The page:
REPUBLIC OF NAMIBIA
HIGH COURT OF NAMIBIA MAIN DIVISION, WINDHOEK
Case no: I 3672/2014
In the matter between:
HERMAN NATANGWE SALATIEL NKANDIH PLAINTIFF
BRIAN KAHATJIPARA DEFENDANT
JEREMY BEUKES THIRD PARTY
Neutral citation: Nkandih v Kahatjipara (I 3672/2014)  NAHCMD 358 (14 December 2017)
Coram: Bassingthwaighte AJ
Heard: 24 - 28 July 2017, 31 July 2017 and 12 October 2017
Delivered: 14 December 2017
Flynote: Application for absolution from the instance - Claim is for return of possession of a vehicle, alternatively, if disposed, payment in the amount of N$150,000 being the market value of the said vehicle plus an amount of N$18,000 being an amount paid to the defendant in terms of an agreement for repairs to be effected to the said vehicle on the ground that the repairs were not effected – The defendant denied that there was any agreement between him and the plaintiff and alleged that the agreement was between the plaintiff and the third party – The defendant admitted that the vehicle was towed to his premises in order for repairs to be effected by the third party but denied that he was in possession of the said vehicle – The third party denied that there was any agreement between himself and the plaintiff and instead alleged that he had an agreement with the defendant to effect repairs to the vehicle.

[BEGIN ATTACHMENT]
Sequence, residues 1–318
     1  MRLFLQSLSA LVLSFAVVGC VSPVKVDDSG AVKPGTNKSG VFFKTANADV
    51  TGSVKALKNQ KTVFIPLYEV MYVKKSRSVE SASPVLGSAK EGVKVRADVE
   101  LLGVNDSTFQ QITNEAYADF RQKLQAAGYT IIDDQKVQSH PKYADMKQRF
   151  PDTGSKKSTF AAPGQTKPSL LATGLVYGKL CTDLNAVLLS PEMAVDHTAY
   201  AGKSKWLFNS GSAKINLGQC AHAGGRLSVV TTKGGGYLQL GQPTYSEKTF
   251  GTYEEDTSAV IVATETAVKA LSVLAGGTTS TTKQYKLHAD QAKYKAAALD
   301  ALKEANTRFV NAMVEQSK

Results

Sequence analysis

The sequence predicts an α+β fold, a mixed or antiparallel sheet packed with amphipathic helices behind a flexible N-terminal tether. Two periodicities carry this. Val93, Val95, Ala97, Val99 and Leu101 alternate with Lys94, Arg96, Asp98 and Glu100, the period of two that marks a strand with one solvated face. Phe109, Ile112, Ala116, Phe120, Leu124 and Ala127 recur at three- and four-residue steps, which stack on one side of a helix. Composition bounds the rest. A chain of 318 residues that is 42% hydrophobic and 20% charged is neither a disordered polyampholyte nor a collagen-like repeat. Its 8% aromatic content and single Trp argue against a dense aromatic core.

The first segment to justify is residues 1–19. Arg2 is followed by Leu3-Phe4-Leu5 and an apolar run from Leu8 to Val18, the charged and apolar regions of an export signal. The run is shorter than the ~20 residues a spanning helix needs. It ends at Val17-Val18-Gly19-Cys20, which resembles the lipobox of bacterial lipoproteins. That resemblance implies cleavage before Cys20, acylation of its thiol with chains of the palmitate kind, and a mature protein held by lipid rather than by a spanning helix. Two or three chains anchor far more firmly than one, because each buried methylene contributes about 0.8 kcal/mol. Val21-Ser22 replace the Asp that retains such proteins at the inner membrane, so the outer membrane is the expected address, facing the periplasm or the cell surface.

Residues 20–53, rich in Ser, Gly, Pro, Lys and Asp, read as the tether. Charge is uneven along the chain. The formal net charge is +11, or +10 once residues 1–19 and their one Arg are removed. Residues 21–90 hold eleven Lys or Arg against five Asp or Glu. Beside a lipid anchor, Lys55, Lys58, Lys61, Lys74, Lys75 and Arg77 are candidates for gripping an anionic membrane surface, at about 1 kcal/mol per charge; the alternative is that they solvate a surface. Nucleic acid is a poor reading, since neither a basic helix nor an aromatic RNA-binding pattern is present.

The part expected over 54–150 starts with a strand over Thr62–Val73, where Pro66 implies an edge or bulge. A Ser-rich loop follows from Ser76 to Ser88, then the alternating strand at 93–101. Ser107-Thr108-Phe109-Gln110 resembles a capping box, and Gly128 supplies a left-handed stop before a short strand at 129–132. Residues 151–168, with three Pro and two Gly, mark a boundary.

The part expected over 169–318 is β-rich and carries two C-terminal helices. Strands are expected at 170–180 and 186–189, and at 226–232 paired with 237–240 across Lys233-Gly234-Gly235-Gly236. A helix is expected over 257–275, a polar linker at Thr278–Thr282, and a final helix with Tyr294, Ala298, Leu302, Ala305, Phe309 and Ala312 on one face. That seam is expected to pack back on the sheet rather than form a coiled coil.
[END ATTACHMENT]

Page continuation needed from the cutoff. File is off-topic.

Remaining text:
Summary: The plaintiff’s claim for return of possession of the vehicle is a vindicatory claim based on the allegation that the vehicle was placed in the defendant’s possession, under his care and control and responsibility for purposes of effecting repairs to the vehicle in terms of an agreement entered into between the parties during or about July 2013. The plaintiff claims that the vehicle was involved in an accident during August 2013 whilst in the defendant’s possession. The plaintiff claims return of possession of the vehicle alternatively, should the defendant have disposed of the vehicle with knowledge of the plaintiff’s ownership, payment in an amount of N$150,000 being the alleged value of the said vehicle. The plaintiff also alleged that although he paid the N$18,000 to the defendant, the defendant failed to effect the repairs to the vehicle as agreed and therefore he claims a refund of the said amount.